Arlington National Cemetery Explorer
Arlington National Cemetery

All too often, a reliable identification system is the only thing linking a solider missing or killed in action to family and friends. So it was all the more poignant when it was discovered in that mismanagement and poor record keeping had led to improperly marked gravesites at Arlington National Cemetery. The Army responded with a full frontal overhaul of the system, fielding a integrated application that synchronized burial and scheduling related information with geospatial data to produce the first GIS-based scheduling and mapping system for a national cemetery. To do so, Army IT teams digitized over 400,000 burial records, making images of all gravesites and tagging every site with GPS coordinates to a 3-inch accuracy. Now the public has access to a preserve of over 150 years of military history and the confidence that the sacrifice of thousands has been marked with utmost care and precision.

Multi-Domain Dissemination System
Defense Intelligence Agency

In a war zone, traditional command protocols can often lag real-time tactical maneuvers. Example: A high-level officer observing a patrol has relevant information to share. But due to security clearance rules, the message has to be relayed through a third party, missing the narrow window of opportunity that presented itself. Such kinks in information sharing can spell failure for a mission -- or worse. The Defense Intelligence Agency’s Multi-Domain Dissemination System (MDDS) helps overcome such snafus. MDDS operates on a simple principle: If a document or other information source exists, personnel in the chain of command can call it up as long as it was created within a network classified either at or below their specific clearance level. The underlying system is driven by software providing secure multi-level network access and automatic file validation, paving the way for rapid data movement through networks at different sensitivity levels. DIA calls the tool the “http” of military intelligence information sharing.

Global Logistics Modernization with Federated Private Cloud
U.S. Marine Corps

The timely delivery of the right supplies at the right place and time can mean the difference between life and death for troops on the battlefield. Yet modern warfighters have the ability to abruptly out-distance supply lines developed in rear echelons. This can lead to gaps in supply fulfillment, compromising readiness and ultimately the safety of troops. To help close this critical loop, the Marine Corps used a federated private cloud and data synchronization techniques to give war-fighters the same logistics integrity in theater that they would have in garrison anywhere in the world. The system has led to striking performance gains: requisitions requests that sometimes took days can now be accomplished in a matter of minutes, according to project managers, bringing accuracy to logistics process at “the tip of the spear.”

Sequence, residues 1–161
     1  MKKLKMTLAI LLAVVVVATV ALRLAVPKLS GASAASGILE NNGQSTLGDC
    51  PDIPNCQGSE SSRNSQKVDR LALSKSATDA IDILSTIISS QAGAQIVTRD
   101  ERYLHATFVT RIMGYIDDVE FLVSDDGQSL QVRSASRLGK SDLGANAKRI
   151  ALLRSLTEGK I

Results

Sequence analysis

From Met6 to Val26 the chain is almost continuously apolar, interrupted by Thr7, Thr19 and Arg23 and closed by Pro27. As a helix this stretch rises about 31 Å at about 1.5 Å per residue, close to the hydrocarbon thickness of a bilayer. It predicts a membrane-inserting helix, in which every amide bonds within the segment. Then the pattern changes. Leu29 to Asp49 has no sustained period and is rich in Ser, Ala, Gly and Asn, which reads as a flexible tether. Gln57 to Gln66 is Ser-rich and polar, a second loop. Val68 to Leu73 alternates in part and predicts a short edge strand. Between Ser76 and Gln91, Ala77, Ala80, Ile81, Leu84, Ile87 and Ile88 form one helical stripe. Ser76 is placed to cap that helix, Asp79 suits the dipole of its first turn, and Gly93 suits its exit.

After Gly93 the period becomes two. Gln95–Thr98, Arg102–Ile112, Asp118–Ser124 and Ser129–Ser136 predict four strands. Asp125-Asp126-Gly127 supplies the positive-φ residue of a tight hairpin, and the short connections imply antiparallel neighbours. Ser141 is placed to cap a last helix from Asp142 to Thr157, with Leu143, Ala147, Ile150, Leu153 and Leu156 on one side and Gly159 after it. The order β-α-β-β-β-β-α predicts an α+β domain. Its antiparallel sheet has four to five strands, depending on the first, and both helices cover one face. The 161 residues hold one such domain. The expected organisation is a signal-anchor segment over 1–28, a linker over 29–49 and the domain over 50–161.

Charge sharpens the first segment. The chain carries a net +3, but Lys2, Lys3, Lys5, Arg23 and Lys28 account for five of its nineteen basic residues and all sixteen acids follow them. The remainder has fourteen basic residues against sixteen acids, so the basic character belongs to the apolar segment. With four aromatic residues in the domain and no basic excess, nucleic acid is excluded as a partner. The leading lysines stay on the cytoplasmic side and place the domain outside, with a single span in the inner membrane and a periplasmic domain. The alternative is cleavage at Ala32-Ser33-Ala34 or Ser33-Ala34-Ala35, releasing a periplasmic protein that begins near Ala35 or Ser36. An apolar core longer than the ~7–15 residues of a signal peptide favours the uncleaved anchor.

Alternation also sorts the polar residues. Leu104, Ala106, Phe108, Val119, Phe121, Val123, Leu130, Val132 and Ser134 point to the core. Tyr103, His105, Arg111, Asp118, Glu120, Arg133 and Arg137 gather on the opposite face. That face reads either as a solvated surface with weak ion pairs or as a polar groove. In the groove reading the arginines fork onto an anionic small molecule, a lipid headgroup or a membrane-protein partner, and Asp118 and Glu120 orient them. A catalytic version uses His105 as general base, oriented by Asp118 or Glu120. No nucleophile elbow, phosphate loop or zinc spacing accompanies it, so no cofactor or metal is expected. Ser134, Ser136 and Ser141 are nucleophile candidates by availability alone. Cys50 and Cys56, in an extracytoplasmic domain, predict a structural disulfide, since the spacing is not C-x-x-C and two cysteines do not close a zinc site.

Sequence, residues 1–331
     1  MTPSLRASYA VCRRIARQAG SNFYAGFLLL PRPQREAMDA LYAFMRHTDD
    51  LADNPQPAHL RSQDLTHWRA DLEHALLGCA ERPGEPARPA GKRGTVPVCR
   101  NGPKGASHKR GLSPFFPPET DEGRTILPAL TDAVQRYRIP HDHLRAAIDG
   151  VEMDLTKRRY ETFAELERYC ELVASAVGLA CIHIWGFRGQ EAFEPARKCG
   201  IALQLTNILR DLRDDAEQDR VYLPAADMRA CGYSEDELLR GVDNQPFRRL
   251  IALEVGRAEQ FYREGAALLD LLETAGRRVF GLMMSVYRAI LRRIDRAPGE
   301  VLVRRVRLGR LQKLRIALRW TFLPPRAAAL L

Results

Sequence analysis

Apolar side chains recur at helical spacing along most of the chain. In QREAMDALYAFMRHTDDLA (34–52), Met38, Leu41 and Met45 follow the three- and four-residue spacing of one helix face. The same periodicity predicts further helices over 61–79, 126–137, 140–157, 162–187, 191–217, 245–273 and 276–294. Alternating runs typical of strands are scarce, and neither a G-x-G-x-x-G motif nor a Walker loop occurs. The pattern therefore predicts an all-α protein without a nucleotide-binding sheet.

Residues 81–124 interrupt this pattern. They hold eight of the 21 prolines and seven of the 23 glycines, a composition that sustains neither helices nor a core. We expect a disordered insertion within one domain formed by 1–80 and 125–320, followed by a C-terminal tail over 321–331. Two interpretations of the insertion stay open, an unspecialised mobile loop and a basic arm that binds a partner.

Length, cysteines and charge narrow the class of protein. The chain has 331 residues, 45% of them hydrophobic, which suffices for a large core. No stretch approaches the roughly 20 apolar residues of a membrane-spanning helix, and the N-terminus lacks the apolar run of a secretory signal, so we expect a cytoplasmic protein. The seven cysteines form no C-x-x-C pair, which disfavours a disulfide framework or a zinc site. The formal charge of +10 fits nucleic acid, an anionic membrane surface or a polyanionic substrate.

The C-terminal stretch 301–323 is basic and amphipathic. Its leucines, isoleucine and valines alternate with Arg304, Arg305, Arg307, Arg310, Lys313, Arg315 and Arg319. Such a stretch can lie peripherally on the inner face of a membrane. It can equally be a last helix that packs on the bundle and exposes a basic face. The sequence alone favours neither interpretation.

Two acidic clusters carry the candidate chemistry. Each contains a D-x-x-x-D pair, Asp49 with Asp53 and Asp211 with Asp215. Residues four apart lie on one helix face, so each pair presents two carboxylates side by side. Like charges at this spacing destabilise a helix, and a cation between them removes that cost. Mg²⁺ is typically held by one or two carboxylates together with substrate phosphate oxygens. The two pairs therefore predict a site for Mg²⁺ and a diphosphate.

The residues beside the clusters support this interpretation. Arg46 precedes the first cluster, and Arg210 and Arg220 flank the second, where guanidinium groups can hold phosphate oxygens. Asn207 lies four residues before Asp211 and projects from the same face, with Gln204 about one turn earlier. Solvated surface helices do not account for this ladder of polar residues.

Department of Defense Enterprise E-mail
Defense Information Systems Agency

The Base Realignment and Closure Act giveth and it taketh away. As a part of the global facilities reorganization effort, DISA is moving 4,000 employees to a new campus at Fort Meade, Md. The IT services agency is using the move to undertake a massive upgrade of its IT enterprise, with the goal of establishing a core of networks, data centers and “Internet-like information services” to support its operations. In 2011, DISA took a big bite out of the project in setting up a new enterprise email infrastructure designed to scale to 4.5 million users. Through modifications to Microsoft Outlook, Windows Server and Exchange, users can find anyone who has a Common Access Card, whether he is Army, Navy, Air Force, Marine, civilian, military or contractor. And there’s something in it for the general public: the Army says it has identified savings of $75 million in the system’s first year.

Pension System Resumption (PSR) Recovery Project
California Public Employees’ Retirement System (CalPERS)

CalPERs coordinates benefits for 3,000 public employers of the state’s 1.6 million workers. Yet for years it was supported by 109 separate and antiquated systems, leading to an epidemic of data gaps and errors throughout the system’s 3 billion records. These had to be painstakingly remediated, adding additional cost and further delays. Although attempts had been made to overhaul the system, it wasn’t until late 2009 that PERS board got serious, mobilizing an effort that involved retiring 200 interfaces, 90 databases, 109 silos, not to mention managing a small army of 550 staffers working on 50 subprojects to manage the project. In less than two years, the system was turned around with blended project teams, streamlined oversight practices and a “holistic” change management strategy. Today, all health and retirements benefits have been paid on time, over 460,000 page views are accessed daily and more than $10 billion in contributions and 10 million transactions had been processed by December 2011.